A cover is not a condiment (except when it is)

The cover of a magazine is incredibly important. It sets the tone for the entire issue, advertises what’s inside and entices readers to buy it, grab it off a rack and read it with rapt attention. It’s far more than an attractive facade for the content within—a cover isn’t a condiment, its a whole meal by itself. And as much as it might pain a writer/editor like me to admit it, the cover is, in fact, the most important page in the whole damn book. Which is why I’ve started paying a lot of attention to them since becoming the editor of the Weekly last August. Also, when they’re well done, they’re pretty freaking awesome.

Our art director, Ryan Olbrysh, knocks out killer covers week after week that are often featured by the blogs that track the coolest examples in the industry give them a little extra love. Check out some of the best of the best on Nas Capas and Cover Junkie, which breaks its honorees down into categories like typographic, sexiest, controversial and, of course, Kate Moss.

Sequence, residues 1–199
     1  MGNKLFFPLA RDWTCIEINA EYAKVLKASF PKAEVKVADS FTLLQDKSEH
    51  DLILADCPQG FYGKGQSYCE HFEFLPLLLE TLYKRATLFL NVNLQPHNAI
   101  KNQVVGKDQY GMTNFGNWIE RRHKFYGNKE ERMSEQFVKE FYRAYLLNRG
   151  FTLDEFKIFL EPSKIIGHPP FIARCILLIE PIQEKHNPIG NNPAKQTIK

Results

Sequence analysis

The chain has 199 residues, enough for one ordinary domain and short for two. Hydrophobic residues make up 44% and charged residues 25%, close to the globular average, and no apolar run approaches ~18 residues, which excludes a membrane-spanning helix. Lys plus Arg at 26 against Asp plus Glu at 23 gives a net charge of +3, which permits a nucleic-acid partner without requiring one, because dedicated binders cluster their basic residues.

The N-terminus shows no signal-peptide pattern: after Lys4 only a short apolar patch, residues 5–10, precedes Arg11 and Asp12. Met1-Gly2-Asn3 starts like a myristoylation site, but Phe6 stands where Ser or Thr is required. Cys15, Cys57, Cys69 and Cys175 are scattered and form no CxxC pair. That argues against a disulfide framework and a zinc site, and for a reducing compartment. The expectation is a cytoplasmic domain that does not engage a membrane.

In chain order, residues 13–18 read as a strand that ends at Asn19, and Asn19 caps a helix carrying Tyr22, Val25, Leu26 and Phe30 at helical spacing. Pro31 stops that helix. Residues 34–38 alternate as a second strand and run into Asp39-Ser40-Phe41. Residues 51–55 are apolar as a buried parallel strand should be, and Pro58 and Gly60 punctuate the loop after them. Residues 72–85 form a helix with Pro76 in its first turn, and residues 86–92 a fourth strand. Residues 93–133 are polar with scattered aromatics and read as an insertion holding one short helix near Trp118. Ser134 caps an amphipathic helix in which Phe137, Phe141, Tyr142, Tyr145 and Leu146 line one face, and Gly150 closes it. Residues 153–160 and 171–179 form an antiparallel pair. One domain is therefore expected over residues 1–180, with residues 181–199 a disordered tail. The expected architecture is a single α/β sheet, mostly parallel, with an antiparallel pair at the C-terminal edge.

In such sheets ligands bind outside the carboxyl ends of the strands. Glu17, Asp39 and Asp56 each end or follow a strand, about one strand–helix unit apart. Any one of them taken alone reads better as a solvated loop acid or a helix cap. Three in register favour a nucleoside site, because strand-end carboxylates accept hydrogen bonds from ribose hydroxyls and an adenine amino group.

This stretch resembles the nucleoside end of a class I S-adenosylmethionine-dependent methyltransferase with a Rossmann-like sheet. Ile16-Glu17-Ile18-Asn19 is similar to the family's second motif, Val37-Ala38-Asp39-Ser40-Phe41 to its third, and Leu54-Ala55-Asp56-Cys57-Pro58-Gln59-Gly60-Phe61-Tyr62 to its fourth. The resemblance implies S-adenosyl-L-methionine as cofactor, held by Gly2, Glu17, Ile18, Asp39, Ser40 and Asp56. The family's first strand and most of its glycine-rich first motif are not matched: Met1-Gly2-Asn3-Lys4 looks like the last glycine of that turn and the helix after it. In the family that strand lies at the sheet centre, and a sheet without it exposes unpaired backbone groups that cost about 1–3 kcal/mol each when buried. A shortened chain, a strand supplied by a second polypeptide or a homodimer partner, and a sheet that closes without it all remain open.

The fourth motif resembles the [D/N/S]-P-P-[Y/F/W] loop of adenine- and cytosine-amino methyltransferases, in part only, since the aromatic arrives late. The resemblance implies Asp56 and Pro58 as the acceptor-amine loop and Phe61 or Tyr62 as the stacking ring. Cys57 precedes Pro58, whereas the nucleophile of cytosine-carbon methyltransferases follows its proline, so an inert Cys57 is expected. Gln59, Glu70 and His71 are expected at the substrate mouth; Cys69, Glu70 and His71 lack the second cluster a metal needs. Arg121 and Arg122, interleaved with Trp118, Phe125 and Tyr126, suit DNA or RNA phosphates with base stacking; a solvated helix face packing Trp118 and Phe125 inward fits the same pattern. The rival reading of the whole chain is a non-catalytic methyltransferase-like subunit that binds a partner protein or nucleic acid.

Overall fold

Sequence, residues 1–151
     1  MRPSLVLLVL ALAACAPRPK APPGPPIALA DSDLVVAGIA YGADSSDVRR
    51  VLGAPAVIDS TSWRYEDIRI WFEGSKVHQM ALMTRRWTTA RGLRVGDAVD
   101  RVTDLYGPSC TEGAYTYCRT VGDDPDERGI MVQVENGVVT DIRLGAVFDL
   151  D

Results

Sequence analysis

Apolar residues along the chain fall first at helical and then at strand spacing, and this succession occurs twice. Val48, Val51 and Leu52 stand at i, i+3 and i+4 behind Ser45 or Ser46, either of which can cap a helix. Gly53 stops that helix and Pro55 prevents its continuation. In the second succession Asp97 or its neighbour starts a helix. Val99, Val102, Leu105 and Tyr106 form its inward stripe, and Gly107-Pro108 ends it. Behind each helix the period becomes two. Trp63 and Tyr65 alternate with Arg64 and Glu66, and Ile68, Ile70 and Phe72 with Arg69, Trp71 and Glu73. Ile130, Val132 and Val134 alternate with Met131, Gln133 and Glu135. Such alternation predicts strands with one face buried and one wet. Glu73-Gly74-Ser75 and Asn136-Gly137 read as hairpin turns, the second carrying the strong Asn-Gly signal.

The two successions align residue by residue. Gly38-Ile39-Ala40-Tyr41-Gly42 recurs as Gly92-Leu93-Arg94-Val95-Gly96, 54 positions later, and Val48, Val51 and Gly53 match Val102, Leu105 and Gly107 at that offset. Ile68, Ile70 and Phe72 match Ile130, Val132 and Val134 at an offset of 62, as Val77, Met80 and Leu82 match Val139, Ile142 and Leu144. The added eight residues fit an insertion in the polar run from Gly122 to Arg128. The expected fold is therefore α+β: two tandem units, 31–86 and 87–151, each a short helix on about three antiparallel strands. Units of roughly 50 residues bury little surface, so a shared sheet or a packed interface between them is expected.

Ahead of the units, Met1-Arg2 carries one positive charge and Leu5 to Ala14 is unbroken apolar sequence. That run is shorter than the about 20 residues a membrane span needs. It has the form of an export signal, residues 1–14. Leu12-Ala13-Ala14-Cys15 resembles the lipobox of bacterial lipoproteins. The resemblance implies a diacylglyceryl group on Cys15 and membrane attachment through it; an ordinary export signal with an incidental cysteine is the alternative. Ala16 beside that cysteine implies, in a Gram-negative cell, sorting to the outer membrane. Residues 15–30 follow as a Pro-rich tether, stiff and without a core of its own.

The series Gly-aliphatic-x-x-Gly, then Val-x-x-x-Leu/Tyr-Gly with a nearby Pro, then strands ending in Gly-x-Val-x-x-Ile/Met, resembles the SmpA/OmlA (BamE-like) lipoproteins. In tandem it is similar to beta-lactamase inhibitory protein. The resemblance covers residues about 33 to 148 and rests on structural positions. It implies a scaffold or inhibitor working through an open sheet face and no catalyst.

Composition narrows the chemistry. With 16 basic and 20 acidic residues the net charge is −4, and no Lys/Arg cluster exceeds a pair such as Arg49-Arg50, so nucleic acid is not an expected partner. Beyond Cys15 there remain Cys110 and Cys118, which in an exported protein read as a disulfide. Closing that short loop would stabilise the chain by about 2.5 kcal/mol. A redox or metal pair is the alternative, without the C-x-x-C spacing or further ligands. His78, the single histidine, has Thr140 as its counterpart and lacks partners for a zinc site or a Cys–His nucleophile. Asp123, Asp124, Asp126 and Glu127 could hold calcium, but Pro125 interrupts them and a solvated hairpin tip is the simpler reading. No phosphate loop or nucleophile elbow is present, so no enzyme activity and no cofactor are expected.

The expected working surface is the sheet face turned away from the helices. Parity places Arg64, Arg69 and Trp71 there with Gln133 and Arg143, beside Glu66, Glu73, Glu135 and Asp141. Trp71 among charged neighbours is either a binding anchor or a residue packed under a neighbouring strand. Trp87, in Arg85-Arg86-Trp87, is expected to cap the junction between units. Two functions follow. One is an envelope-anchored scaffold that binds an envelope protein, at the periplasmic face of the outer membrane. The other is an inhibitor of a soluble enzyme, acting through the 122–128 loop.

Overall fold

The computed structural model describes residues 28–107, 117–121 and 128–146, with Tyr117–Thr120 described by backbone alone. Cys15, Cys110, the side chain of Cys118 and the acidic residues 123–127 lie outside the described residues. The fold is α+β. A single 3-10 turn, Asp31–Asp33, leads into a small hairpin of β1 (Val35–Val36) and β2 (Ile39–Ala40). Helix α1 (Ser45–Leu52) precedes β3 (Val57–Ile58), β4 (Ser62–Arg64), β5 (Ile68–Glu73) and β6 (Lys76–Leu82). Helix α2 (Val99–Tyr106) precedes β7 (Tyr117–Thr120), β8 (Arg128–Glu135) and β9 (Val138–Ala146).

One of my recent favorites might be better described as messy. The August 7 issue of the New York Times magazine featured a portrait of New York restaurateur Danny Meyer done in, well, condiments. And that’s exactly what a good cover is all about: a surprising, tempting statement that makes you want to read what’s inside … or at least know how they managed all that mustard.

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